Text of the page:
The patent in suit is directed to power supplies in which the dc voltage provided by the supply to a load circuit is automatically regulated to remain substantially constant regardless of voltage fluctuations. In view of the relatively short text of the patent in suit, I have appended the patent, including the drawing of one possible embodiment, to this opinion as Appendix "A".

As appears in col. 1, ll. 12-17 of the patent

. . . the invention is directed to a standardized reference unit and a control amplifier assembled as a plug *798 in unit for connection to an unregulated supply and providing an output voltage always equal to the value set on a voltage control, a feature of the unit being adjustability of the output voltage to zero volts.

It further provides, in col. 1, l. 25 et seq., that

. . . a single regulated power supply could be used with a diversity of sources of unregulated voltage, . . . by connecting the voltage reference, the control amplifier, the voltage control, and the load into a bridge type reference network.

The descriptive material then goes on to explain a typical embodiment of the circuit as per the drawing.

It is unnecessary to describe each circuit as set out in claims 1 through 4, since these claims appear in full in Appendix "A". The question for the Court, at this stage, is whether the invention as described in the claims is patentable under the standards set forth in 35 U.S.C. §§ 101, 102, 103. For these purposes, I next turn to an examination of the prior art.

Prior art

The prior art, for purposes of this case, includes patented and unpatented circuits hereinafter described, as well as several stipulations of the parties which will be cited from time to time and appear in Appendix "B".

The only prior art cited in the patent was Chase, U.S. Patent No. 2,751,549. Since at trial neither party raised this as pertinent prior art, there is no need to consider it here. There remain for consideration as prior art two circuits, and perhaps a third. The parties agree that U.S. Patent No. 2,840,777 ("DeBlasio") is included in prior art, as well as Kepco Model 2600.[4] The third circuit cited by defendant as prior artKepco Model 5947raises an issue to which the Court now turns.

Model 5947 was a transistorized power supply with a circuit which was in many respects similar to that of the patent in suit. Defendant's contention is that the two circuits are so close as to raise a defense under 35 U.S.C. § 102(b); i. e. that if the 5947 were sold more than one year prior to the filing of the application for the patent in suit, it is thereby invalid. I will address this "on sale" issue in greater detail at a later point. At this stage the Court finds that the 5947 as a separate design is not a part of the applicable prior art for the circuit of this patent. The two circuits were being developed simultaneously and there is no evidence which would warrant a finding that the circuit of the 5947 was known prior to the time of conception of Patent No. 3,028,538early March, 1957.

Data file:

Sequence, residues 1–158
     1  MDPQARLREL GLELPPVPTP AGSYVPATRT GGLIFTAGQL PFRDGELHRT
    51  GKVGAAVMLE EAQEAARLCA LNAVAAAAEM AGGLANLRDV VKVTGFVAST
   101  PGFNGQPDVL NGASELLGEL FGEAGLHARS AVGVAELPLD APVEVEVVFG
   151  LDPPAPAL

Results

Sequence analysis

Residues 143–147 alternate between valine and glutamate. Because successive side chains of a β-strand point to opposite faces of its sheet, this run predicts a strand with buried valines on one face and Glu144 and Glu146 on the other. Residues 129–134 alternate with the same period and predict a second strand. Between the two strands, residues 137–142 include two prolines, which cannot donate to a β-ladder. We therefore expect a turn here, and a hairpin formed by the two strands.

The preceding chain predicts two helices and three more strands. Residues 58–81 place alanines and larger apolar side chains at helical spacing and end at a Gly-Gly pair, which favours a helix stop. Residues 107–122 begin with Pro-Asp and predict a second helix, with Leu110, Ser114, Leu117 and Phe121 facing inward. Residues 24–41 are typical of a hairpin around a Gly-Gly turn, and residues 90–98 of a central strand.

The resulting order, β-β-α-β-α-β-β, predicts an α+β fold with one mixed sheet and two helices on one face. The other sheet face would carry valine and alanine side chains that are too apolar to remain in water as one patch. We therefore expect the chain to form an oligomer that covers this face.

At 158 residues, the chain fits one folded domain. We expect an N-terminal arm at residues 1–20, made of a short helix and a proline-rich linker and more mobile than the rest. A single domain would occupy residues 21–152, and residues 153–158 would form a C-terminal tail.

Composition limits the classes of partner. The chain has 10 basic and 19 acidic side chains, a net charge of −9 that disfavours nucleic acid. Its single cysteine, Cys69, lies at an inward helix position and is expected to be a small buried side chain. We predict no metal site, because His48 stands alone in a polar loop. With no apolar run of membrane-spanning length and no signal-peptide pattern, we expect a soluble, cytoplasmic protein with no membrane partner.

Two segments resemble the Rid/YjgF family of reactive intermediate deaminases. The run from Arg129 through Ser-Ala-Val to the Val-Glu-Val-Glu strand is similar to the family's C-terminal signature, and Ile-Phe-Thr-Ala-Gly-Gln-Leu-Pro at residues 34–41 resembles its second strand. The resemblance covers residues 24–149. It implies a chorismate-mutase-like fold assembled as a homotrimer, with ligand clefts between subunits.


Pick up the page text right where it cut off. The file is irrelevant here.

A. DeBlasio

DeBlasio entitles his patent, "Direct Current Power Source", and describes a ". . . regulating method and means wherein vacuum tube voltage-regulator circuits are used to maintain a constant D.C. output voltage across the load, . . ."[5] col. 1, ll. 17-20. DeBlasio contains many of the same elements as the patent in suit: a reference voltage source, a series pass element, and a control amplifier (which DeBlasio denominates an Input Comparator). Rather than examine the intricate workings of the DeBlasio circuit, the Court will examine the differences between DeBlasio and the patent in suit as noted by plaintiff and the similarities pointed out by defendant.

Plaintiff's witnesses describe three features of Patent No. 3,028,538 which they contend are not described or disclosed by DeBlasioa common point, a *799 universal low-voltage amplifier, and a small voltage reference:

1. common point: a terminal such as terminal 21 of the patent in suit where the circuit of the series pass element, the reference circuit, one terminal of the load, and a circuit of the control amplifier are inter-connected.
2. universal low-voltage amplifier: the connection of the elements is such that one amplifier can control a broad spectrum of output voltage settings.
3. small voltage reference.

Defendant's position is that DeBlasio does disclose a circuit with the common point. Although neither figure 2 nor figure 4[6] show such a common point, a reading of col. 6, ll. 14-30[7] does describe such a circuit. That is, in figures 2 and 4 the pass element is on the positive side of the load, but in col. 6, ll. 14-30, the patent discloses the pass element on the negative side, thereby describing the common point claimed by plaintiff. Defendant further points out that even using figures 2 and 4, the common point is formed if Stipulation 28 is read into the drawings.[8] Defendant asserts that the connection made using Stipulation 28, i. e. with the pass element on the negative side, permits the advantage of a standardized control amplifier as well as the common point.

B. Model 2600

Kepco Model 2600[9] is a vacuum-tube type of power supply utilizing a series-pass element, a 500-volt reference voltage connected across resistor R21 and a group of gas tubes, and a control amplifier V7.